S&P: Level of problem loans in Azerbaijan remains high


July 4, Fineko/abc.az. International rating agency Standard & Poor's has published a report on problem loans in the CIS countries.

According to S&P’s report, consistently high level of problem assets remains one of the specific features of the banking systems of the CIS region. For example, over the past 10 years, the average level of problem loans in the banking sectors of Russia, Kazakhstan, Azerbaijan and Ukraine exceeded that of many emerging economies (particularly Brazil and South Africa).

"The level of problem loans is very different in various countries of the region. In particular, in 2011-18 the average level of problem loans in Georgia and Armenia made up 7.4% and 5.6%, respectively, and was steadily below 10%. More effective banking supervision and stronger governance practices in Georgia and Armenia have enabled banks to resolve their bad debt issues quite successfully, despite the high level of dollarization of their loan portfolios. The situation is quite different in Kazakhstan, Azerbaijan and Ukraine, where the level of problem loans remains extremely high," the report says.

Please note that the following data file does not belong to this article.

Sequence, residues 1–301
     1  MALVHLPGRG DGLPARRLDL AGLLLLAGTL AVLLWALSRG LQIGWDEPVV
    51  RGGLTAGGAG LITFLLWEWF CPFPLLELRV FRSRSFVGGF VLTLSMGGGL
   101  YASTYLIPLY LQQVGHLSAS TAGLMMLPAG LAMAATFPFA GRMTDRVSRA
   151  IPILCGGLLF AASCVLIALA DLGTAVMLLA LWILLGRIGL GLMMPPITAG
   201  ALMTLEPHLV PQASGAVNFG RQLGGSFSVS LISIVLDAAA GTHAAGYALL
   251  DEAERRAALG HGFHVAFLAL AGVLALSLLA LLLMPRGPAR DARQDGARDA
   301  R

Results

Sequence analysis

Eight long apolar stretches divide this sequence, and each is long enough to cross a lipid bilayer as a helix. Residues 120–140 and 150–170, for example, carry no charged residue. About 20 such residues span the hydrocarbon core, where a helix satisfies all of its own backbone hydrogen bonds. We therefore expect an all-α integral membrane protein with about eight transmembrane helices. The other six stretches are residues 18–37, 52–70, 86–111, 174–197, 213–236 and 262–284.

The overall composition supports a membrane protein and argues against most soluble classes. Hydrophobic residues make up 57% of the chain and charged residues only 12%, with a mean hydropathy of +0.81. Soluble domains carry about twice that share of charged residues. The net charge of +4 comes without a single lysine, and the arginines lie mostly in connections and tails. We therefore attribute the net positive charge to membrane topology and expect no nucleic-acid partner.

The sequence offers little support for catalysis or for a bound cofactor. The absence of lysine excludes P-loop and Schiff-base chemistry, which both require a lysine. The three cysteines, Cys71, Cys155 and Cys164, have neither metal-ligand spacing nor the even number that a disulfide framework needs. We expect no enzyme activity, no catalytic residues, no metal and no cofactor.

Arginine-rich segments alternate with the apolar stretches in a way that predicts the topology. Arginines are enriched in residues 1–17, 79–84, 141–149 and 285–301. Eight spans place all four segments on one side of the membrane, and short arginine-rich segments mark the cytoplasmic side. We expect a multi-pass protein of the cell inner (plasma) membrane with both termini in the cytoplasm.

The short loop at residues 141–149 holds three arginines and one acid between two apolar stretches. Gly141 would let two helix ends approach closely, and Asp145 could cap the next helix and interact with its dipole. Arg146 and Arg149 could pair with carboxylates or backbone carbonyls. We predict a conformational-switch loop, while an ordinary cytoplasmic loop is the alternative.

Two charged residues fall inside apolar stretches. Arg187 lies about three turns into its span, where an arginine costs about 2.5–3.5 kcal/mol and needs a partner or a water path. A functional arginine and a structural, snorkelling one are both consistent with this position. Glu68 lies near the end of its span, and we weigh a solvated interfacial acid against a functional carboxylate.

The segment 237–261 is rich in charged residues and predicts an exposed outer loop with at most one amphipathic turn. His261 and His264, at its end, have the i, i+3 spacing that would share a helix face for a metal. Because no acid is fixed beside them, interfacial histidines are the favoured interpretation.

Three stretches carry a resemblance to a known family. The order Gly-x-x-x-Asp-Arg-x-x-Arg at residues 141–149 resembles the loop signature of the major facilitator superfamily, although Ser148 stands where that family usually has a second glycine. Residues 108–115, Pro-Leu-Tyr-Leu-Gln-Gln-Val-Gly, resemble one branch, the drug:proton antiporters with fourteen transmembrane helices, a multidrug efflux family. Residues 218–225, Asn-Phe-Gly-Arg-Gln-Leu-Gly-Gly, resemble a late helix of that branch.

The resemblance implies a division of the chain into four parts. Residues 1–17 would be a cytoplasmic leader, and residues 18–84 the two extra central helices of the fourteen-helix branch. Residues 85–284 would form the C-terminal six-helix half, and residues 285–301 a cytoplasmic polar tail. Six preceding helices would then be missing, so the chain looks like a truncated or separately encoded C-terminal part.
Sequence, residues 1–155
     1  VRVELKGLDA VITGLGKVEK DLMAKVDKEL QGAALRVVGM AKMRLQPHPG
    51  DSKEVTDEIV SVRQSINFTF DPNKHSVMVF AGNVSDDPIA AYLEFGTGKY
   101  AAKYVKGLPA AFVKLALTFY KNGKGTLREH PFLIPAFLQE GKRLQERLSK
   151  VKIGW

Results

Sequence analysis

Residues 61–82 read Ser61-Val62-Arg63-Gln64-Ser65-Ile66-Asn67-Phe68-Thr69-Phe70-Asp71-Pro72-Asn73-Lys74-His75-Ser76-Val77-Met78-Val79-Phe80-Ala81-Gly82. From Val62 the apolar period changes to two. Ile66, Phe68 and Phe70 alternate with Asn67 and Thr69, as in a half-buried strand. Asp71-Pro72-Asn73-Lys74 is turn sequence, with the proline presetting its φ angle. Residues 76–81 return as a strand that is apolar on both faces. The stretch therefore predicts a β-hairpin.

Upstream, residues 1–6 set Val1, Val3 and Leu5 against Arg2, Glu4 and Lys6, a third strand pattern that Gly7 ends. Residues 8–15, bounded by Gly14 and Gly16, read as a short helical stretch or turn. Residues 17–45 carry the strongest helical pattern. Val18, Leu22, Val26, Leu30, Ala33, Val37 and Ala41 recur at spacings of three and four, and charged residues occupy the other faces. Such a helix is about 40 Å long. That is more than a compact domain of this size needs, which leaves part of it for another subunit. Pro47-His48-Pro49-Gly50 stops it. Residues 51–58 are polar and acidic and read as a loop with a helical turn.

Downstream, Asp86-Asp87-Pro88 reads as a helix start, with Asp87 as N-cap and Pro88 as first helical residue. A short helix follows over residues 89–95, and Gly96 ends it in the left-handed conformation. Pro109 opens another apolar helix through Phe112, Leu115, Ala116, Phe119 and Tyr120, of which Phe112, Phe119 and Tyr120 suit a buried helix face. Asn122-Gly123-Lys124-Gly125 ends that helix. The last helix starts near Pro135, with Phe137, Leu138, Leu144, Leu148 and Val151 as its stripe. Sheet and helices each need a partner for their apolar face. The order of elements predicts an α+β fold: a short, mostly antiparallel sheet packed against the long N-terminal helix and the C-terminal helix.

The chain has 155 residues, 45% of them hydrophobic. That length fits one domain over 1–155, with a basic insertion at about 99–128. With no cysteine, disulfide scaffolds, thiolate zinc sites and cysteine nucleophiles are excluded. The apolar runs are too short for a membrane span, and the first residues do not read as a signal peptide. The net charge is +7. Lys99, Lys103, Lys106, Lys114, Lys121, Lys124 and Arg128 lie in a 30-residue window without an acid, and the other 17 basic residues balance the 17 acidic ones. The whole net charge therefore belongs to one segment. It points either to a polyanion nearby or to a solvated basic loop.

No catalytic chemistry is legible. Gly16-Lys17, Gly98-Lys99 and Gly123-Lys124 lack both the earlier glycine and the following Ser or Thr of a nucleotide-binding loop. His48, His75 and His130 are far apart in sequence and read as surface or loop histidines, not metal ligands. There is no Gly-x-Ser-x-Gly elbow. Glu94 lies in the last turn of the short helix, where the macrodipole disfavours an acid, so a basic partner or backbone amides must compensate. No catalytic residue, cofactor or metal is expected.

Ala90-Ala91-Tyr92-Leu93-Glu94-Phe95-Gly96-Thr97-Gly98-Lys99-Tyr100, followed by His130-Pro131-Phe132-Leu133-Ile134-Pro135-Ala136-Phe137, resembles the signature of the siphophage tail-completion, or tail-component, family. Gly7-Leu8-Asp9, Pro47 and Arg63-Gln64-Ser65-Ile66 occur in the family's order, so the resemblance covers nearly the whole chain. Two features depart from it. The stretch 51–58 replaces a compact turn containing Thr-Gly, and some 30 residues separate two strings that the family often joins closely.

According to S&P’s analysts, weak corporate governance practices, expressed, for example, related-party lending or fraudulent activity by the management, were widely spread in these countries.

"As for Azerbaijan, it observes quite high level of problem loans (which is at the peak level was about 65% of the loan portfolio in 2015) reflects the weak practices of risk management, fraud and excessively high level of foreign currency lending by the country's largest bank - the International Bank of Azerbaijan (IBA)," the report says.

According to agency’s report, many banks of the region will continue to form additional reserves for losses on accumulated problem loans. As a result, the profitability and capitalization of banks will remain under pressure in the next few years.

The Agency's experts think that the creation of new reserves under problem loans may lead to weakening of the capital adequacy ratio to a level below the minimum requirement of the regulator for separate banks, especially in countries with a high level of accumulated problem assets, such as Kazakhstan and Azerbaijan.